Manhood is a struggle

Benjamin Disraeli

Such are the words of Benjamin Disraeli.  His actual and full quote is as follows:

“Youth is a blunder; Manhood a struggle, Old age a regret.”

For those who are unfamiliar, Benjamin Disraeli was one of the Prime Ministers of Great Britain.  Actually, he served as PM twice in his long career in British Parliament and politics.  He was a key figure in creating what became the modern Conservative Party.  There is much debate on his overall role in the pantheon of conservative thought.  But, he was quite the literary figure as well.

The quote above is from a political novel, Coningsby.  This novel set in the 1830s the life and career of Henry Coningsby, an orphan grandson of a wealthy marquess, Lord Monmouth. Lord Monmouth initially disapproved of Coningsby’s parents’ marriage, but on their death he relents, decides to provide for the boy and sends young Coningsby to be educated at Eton College. At Eton Coningsby meets and befriends Oswald Millbank, the son of a rich cotton manufacturer who is a bitter enemy of Lord Monmouth. The two older men represent old and new wealth in society.

As Coningsby grows up he begins to develop his own liberal political views and he falls in love with Oswald’s sister Edith. When Lord Monmouth discovers these developments he is furious and secretly disinherits his grandson. On his death, Coningsby is left penniless, and is forced to work for his living. He decides to study law and to become a barrister. This proof of his character impresses Edith’s father (who had previously also been hostile) and he consents to their marriage at last. By the end of the novel Coningsby is elected to Parliament for his new father-in-law’s constituency and his fortune is restored.

If you decide to dive into this book, you will find the quote above.  Don’t bother.

Here is my point for Manday today.

I acknowledge that my youth has been full of blunders.  There have been too many to recount here.  And I will admit that manhood has at times proven to be a struggle.  But, I refuse to reach old age and have regrets.  I refuse to live life without giving it my all in my struggle to be the man that God called me to be, the husband that my wife needs me to be, the father that my children need me to be and the “Papa” that my grandchildren need me to be.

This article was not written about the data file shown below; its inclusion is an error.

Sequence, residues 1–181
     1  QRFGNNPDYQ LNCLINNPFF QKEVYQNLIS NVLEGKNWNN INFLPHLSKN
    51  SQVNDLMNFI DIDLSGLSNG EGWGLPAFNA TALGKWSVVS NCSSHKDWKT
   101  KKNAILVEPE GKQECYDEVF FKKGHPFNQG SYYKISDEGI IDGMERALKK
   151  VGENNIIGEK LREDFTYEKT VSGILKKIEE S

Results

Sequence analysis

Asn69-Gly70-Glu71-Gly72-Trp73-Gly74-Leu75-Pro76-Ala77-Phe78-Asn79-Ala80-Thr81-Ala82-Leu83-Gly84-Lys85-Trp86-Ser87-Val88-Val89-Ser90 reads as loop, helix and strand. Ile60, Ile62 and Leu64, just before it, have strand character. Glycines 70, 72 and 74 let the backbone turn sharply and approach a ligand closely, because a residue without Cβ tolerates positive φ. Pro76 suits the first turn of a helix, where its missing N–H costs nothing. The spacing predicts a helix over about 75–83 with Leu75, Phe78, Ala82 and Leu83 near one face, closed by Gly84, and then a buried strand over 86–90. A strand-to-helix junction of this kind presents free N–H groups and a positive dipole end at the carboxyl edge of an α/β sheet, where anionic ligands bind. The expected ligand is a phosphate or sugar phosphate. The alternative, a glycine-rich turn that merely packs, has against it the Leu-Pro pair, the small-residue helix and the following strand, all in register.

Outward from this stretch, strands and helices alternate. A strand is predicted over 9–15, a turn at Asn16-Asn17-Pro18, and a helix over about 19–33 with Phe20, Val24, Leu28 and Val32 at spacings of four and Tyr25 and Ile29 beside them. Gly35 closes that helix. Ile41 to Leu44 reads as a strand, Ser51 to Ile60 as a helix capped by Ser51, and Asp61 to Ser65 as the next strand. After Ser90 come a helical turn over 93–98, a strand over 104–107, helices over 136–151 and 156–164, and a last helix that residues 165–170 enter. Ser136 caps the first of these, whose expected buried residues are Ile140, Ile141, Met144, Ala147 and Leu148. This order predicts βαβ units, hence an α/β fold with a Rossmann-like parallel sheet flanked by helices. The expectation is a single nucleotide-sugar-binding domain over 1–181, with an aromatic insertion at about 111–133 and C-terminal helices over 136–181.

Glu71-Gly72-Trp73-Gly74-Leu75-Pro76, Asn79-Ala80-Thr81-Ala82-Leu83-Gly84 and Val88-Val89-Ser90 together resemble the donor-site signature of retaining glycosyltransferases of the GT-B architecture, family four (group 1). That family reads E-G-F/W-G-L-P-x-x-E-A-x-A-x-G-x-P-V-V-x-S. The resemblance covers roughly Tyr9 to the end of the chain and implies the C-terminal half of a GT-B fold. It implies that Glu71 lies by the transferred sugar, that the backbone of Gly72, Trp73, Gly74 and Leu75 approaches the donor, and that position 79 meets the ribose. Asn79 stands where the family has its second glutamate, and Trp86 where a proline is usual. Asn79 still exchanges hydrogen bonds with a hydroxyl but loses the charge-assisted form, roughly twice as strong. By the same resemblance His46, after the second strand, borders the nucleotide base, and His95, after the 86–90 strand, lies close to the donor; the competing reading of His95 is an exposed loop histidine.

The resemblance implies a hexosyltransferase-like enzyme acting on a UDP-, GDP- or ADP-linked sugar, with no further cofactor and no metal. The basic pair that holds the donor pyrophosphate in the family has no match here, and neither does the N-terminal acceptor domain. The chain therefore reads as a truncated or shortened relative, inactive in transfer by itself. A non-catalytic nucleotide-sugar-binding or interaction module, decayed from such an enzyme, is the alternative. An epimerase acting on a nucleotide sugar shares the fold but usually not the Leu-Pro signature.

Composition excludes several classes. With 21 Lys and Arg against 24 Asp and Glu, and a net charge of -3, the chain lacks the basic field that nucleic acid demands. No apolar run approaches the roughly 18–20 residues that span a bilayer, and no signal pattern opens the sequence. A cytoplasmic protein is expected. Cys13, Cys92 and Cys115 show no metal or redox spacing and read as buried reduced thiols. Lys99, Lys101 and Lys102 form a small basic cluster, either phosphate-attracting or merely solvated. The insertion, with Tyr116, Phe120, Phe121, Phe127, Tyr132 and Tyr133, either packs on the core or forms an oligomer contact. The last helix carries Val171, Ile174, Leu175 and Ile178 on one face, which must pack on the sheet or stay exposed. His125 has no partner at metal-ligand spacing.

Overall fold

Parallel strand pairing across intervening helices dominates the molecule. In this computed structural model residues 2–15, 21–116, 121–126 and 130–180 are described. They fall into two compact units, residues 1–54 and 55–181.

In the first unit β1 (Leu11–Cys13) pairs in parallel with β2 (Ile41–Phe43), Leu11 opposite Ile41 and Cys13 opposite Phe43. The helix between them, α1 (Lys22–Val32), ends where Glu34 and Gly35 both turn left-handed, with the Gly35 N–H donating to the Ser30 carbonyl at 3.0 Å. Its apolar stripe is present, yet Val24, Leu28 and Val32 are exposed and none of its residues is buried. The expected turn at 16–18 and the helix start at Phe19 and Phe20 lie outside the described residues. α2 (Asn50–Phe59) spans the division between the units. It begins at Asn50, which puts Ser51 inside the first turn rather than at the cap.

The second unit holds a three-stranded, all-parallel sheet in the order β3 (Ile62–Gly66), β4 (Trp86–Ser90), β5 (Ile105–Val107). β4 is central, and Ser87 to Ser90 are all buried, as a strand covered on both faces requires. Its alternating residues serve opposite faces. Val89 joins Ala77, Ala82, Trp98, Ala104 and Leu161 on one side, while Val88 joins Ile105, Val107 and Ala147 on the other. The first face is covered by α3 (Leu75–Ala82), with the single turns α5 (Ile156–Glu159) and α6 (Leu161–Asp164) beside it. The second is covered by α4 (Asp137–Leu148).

What about you today?  Are you struggling a little?  Then join the crowd.  But join with us and fight the good fight and let’s overcome together!


Photo credit: Political Graveyard / Foter / CC BY
Photo credit: Gwynhafyr / Foter / CC BY-NC

Without a vision . . . Without a leader . . .


I have heard many provide insight into the popular passage from Proverbs 29:18.  In fact, I wrote about this very same passage back on January 1st of this year.  In case you are not familiar with it, it goes like this:

Where there is no vision, the people perish.

It is often used as an exhortation to go out and do something big.  Something that requires great vision.  And without something big to strive for, folks will surely die.  Now, I could discuss what that verse may really be saying, but for purposes of this leadership blog I will stick with one of the more common applications of the verse.

The application of that verse that is most common would call us to greatness and to do things that we cannot see with our own eyes.  But consider for a moment the execution of that verse.  Vision is great and I am all for it.  But vision without leadership is nearly pointless.  If people perish without a vision, I think that without a leader they will wander aimlessly in search of direction.